McBride's star continues to shine brightly at the Brandywell
THREE years ago Derry City lost a legend after the sudden death of captain Ryan McBride, but his legacy continues to shine brightly, especially in his home town.
The big centre-back was tragically taken far too soon, but his name and warrior-like spirit live on, not just among Candystripes supporters and his former team-mates, but the whole footballing community in Ireland.
In fact, in the years and decades to come, Ryan McBride's name will always be talked about, as the foundation set-up by his family and close friends in his memory continues to have the backing and support of the community and the children's training camps for the next generation of footballers will prove to be a fitting legacy.
The Derry City skipper played for Kenny Shiels's side in the win over Drogheda on Saturday March 18, 2017 and died 24 hours later.
One man who played alongside McBride that day was midfielder Barry McNamee, who scored a hat-trick in an eight-minute spell in City's 4-0 win at their temporary home at Maginn Park in Buncrana.
The Ramelton man, now at Finn Harps, remembers that game and the heart-wrenching time after McBride's sudden death and pays tribute to the great job done by boss Shiels at such a tough time for the club.
"I had scored in the win over of Dundalk the previous week and then I scored my first ever hat-trick for Derry, so everything was going good and spirits were high, training was flying and everybody was buzzing about. Everyone was enjoying things and then... to be honest it's still, even three years on, hard to put into words exactly how I reacted from it.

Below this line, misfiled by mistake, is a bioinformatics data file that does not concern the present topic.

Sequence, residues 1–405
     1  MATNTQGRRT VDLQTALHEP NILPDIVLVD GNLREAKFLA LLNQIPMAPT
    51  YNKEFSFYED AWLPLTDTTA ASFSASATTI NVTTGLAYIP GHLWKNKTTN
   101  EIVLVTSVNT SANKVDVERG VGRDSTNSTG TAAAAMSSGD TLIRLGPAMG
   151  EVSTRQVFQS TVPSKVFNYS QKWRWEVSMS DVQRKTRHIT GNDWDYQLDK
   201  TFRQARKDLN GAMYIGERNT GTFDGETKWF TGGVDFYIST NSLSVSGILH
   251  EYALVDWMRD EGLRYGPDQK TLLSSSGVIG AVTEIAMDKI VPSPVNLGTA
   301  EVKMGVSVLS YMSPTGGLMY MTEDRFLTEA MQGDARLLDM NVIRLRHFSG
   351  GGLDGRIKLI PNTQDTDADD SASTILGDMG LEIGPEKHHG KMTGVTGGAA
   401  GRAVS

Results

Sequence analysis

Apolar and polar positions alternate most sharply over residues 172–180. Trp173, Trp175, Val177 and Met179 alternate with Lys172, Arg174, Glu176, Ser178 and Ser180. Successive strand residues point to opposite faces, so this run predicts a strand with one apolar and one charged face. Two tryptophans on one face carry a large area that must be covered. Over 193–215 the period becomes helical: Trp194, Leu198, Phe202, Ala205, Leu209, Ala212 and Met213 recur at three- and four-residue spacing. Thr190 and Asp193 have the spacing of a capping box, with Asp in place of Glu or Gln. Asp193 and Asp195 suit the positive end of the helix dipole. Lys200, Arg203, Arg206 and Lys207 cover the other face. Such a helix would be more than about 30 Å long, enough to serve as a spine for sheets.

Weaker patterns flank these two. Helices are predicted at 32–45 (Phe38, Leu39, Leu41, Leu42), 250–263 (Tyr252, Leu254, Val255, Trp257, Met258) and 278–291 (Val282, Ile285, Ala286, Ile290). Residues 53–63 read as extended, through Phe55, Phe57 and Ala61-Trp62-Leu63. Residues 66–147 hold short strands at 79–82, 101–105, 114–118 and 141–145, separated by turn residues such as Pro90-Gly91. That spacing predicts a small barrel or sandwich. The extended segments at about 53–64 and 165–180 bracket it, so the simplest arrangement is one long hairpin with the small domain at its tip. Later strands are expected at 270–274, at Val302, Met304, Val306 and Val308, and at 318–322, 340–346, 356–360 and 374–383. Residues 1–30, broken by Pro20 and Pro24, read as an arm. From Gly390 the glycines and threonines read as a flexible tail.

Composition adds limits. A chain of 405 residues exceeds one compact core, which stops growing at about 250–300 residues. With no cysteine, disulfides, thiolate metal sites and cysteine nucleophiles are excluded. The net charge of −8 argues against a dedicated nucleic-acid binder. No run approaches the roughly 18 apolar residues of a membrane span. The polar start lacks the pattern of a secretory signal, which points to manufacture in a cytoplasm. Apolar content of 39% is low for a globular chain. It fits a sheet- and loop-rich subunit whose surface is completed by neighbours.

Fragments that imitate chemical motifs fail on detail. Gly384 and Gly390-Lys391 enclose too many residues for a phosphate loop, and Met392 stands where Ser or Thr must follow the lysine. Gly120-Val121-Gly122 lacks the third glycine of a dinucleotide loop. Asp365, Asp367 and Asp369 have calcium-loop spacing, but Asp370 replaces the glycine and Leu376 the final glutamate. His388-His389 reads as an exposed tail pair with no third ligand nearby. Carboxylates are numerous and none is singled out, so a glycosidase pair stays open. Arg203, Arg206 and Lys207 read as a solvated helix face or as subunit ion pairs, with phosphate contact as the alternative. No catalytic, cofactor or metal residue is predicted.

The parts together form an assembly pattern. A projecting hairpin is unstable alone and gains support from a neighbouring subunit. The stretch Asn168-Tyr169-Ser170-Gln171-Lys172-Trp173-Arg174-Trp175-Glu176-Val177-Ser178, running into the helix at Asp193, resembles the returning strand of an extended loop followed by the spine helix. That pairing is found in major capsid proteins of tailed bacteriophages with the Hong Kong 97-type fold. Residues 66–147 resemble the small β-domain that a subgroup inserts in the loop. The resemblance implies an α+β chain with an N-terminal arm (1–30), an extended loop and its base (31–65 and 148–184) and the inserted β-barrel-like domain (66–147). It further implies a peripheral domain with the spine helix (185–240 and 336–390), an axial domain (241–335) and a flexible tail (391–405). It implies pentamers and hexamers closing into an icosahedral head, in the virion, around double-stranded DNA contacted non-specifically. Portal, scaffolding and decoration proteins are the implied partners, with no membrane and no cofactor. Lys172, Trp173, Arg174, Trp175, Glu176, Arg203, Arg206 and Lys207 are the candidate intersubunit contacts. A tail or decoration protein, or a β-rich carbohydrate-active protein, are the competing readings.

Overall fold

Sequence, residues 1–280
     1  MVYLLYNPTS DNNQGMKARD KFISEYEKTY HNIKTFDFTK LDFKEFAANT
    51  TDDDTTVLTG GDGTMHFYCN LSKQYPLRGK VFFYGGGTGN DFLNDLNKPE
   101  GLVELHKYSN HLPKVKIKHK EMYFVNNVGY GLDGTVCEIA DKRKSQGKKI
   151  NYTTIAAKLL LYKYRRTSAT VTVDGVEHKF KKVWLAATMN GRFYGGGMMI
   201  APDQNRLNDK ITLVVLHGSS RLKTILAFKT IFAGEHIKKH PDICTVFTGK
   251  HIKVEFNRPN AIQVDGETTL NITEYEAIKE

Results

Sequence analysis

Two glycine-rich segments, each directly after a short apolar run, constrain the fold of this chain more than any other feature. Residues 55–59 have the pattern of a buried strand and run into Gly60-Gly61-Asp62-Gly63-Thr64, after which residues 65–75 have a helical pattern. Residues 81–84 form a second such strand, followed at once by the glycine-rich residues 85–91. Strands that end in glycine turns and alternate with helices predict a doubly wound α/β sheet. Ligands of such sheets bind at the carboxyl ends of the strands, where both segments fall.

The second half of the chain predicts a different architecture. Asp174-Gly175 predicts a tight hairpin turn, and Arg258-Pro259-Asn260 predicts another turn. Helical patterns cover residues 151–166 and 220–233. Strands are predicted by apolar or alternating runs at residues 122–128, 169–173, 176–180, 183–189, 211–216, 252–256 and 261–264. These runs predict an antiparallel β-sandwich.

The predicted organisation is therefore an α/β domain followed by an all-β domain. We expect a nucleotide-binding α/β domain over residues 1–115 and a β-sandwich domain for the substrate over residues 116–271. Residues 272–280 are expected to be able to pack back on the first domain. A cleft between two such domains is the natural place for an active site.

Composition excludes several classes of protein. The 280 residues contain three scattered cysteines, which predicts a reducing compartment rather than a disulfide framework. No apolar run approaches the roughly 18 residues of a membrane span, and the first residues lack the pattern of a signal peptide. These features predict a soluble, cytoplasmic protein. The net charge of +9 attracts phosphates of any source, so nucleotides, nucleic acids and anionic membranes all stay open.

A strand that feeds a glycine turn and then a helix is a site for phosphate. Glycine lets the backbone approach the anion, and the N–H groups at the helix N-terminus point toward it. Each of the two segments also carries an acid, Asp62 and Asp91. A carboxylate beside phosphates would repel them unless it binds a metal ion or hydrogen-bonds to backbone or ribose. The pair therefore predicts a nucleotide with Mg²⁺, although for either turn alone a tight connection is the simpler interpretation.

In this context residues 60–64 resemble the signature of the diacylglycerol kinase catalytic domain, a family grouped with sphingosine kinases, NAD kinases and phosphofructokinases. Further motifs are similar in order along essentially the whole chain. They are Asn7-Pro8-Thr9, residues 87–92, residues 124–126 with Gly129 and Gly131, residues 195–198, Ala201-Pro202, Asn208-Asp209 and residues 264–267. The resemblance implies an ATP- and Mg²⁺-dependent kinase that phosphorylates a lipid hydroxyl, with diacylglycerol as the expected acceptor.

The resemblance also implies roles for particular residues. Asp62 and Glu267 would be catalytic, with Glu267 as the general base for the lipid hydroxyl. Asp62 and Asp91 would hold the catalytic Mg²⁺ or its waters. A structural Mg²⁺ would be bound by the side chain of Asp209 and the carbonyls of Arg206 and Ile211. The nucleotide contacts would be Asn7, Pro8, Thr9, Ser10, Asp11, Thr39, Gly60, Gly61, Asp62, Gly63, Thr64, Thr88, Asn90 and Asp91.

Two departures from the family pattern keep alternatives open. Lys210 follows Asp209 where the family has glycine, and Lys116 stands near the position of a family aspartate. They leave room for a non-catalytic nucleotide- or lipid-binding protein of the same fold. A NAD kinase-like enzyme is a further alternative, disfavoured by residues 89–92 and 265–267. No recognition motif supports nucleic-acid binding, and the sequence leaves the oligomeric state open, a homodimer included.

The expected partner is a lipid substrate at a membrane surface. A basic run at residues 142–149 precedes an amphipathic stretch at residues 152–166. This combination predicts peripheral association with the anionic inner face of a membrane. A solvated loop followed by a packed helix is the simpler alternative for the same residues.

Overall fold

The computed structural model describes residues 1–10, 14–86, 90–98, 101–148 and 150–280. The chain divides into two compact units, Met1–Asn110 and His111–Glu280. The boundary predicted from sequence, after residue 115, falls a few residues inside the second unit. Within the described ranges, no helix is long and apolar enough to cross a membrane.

"It was just a phone call that you never ever thought you were ever going to get.
"It took us a while to get going again, but Kenny was great. We obviously trained whenever we could, Kenny offered any player that needed further time off if they needed it, he told them if they needed to speak to anyone, then he was there for them.
"He went above and beyond to do whatever he thought the players needed and to be fair he was a great man to have during that time."
The 28-year-old admits the Candystripes were full of confidence after a fantastic start to the 2017 campaign, but admits after McBride's death, the team just fell apart for a number of weeks.
"When you look back now, it's a case of what if," he added.
"We had won four games on the bounce, away to Bohs and (Shamrock) Rovers and home to Dundalk and Drogheda, so we had beaten the top teams in the league and we didn't see any reason why we couldn't have gone on to win it.
"Maybe there was a lack of depth to our squad, but we had a starting 11 that would have given anyone a game and would have beaten anyone. So we were obviously confident on the back of those wins, but then your whole season and the whole team just fell apart.
"We did really struggle and we were every unlucky to lose to Bray in our first game back after Ryan's death. We were 2-0 down in the game, got it back to 2-2, had chances to win it and then lost in the last minute.
"I think we lost a few games in-a-row after that and it took us time to get back, but we regrouped and finished the season strongly."
McNamee feels the Ryan McBride Foundation is great as the next generation will get the chance to always know about McBride.
"The family themselves will have been through a very tough time," he insisted.
"We all knew Ryan as a player and as his friend, but you can't ever imagine how they coped with Ryan's loss.
"To be fair to them, they have kept his name alive with the Foundation, they have their big charity night every year and with the Foundation going around schools and having Easter and summer camps for the kids, I suppose the great thing is that even now the ones who were too young to remember him playing, will grow up now knowing how much of an impact he made in and around the community and Derry City Football Club."